Limits...
Use of the Microsoft Kinect system to characterize balance ability during balance training.

Lim D, Kim C, Jung H, Jung D, Chun KJ - Clin Interv Aging (2015)

Bottom Line: The two systems yielded similar results for changes in the center of body mass (P>0.05) with a large Pearson's correlation coefficient of γ>0.60.The results for the two systems showed similarity in the mean lower-limb joint angle with flexion-extension movements, and these values were highly correlated (hip joint: within approximately 4.6°; knee joint: within approximately 8.4°) (0.40<γ<0.74) (P>0.05).Large differences with a low correlation were, however, observed for the lower-limb joint angle in relation to abduction-adduction and internal-external rotation motion (γ<0.40) (P<0.05).

View Article: PubMed Central - PubMed

Affiliation: Department of Mechanical Engineering, Sejong University, Seoul, Republic of Korea.

ABSTRACT
The risk of falling increases significantly in the elderly because of deterioration of the neural musculature regulatory mechanisms. Several studies have investigated methods of preventing falling using real-time systems to evaluate balance; however, it is difficult to monitor the results of such characterizations in real time. Herein, we describe the use of Microsoft's Kinect depth sensor system to evaluate balance in real time. Six healthy male adults (25.5±1.8 years, 173.9±6.4 cm, 71.4±6.5 kg, and 23.6±2.4 kg/m(2)), with normal balance abilities and with no musculoskeletal disorders, were selected to participate in the experiment. Movements of the participants were induced by controlling the base plane of the balance training equipment in various directions. The dynamic motion of the subjects was measured using two Kinect depth sensor systems and a three-dimensional motion capture system with eight infrared cameras. The two systems yielded similar results for changes in the center of body mass (P>0.05) with a large Pearson's correlation coefficient of γ>0.60. The results for the two systems showed similarity in the mean lower-limb joint angle with flexion-extension movements, and these values were highly correlated (hip joint: within approximately 4.6°; knee joint: within approximately 8.4°) (0.40<γ<0.74) (P>0.05). Large differences with a low correlation were, however, observed for the lower-limb joint angle in relation to abduction-adduction and internal-external rotation motion (γ<0.40) (P<0.05). These findings show that clinical and dynamic accuracy can be achieved using the Kinect system in balance training by measuring changes in the center of body mass and flexion-extension movements of the lower limbs, but not abduction-adduction and internal-external rotation.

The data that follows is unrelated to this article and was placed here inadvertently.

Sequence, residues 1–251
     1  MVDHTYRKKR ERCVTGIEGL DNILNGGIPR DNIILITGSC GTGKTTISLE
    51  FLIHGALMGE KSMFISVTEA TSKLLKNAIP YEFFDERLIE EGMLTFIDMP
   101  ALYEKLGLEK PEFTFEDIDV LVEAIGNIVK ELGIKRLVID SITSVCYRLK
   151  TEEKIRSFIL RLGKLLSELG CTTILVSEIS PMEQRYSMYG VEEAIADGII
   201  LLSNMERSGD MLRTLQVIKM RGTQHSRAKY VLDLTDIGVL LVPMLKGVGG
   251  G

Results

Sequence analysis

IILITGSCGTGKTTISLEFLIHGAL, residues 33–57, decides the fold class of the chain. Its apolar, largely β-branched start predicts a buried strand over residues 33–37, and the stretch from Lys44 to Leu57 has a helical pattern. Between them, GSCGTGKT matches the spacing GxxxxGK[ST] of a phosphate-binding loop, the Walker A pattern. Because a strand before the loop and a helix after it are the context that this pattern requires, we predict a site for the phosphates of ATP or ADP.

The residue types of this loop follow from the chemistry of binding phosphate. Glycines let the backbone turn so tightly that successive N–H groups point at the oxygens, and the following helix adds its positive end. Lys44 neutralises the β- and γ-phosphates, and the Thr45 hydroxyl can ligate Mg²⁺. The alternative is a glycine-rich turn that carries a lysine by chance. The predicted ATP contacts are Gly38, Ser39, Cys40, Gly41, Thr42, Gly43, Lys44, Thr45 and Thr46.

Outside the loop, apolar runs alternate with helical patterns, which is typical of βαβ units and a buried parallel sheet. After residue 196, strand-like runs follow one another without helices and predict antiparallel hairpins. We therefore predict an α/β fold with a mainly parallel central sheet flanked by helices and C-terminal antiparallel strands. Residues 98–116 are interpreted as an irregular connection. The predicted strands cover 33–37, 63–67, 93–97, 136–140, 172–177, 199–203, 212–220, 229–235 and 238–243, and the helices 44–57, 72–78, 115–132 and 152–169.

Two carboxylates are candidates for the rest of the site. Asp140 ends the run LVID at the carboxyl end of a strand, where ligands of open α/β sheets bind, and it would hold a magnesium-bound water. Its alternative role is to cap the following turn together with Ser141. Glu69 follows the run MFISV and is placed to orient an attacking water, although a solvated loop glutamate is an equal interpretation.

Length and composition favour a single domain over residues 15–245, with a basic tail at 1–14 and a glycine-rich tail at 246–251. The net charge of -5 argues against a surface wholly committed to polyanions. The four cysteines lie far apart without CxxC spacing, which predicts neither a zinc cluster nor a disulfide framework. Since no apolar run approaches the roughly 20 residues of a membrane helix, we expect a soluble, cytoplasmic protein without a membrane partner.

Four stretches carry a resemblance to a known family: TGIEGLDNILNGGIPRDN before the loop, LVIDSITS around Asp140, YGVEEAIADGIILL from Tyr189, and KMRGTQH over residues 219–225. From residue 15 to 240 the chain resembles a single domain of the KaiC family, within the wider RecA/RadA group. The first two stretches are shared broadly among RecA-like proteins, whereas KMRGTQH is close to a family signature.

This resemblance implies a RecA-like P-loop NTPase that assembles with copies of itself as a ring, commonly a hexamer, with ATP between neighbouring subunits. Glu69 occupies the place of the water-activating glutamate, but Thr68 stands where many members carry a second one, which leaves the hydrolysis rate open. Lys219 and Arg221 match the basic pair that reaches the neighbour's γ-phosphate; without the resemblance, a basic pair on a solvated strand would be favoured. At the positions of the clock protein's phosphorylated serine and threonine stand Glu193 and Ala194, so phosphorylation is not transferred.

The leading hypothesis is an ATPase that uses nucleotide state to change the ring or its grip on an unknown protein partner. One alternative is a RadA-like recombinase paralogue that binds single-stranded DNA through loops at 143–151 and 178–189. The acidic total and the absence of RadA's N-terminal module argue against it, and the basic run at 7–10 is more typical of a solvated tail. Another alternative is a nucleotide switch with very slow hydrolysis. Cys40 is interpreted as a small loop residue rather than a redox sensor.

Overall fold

No MeSH data available.


Related in: MedlinePlus

Experimental configuration used to generate and characterize the motion of the participants.
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f1-cia-10-1077: Experimental configuration used to generate and characterize the motion of the participants.

Mentions: Figure 1 shows the in-house-manufactured balance training equipment used to induce dynamic movements in the subjects. The balance training equipment could be rotated around various axes (an arbitrary axis) with a range of ±15° of the maximum on the footrest part. Six links were used to connect the footrest part, which could move ±0.1 m in the vertical direction. The tests were designed to control the basal plane in an arbitrary direction. For safety reasons, the range of rotation angles was limited to ±9° around the axis of rotation. Subjects were allowed to move dynamically within a range that allowed them to maintain their balance. Tests were repeated three times per subject to minimize measurement errors, and a 10-minute rest period introduced between tests was to minimize the effects of fatigue.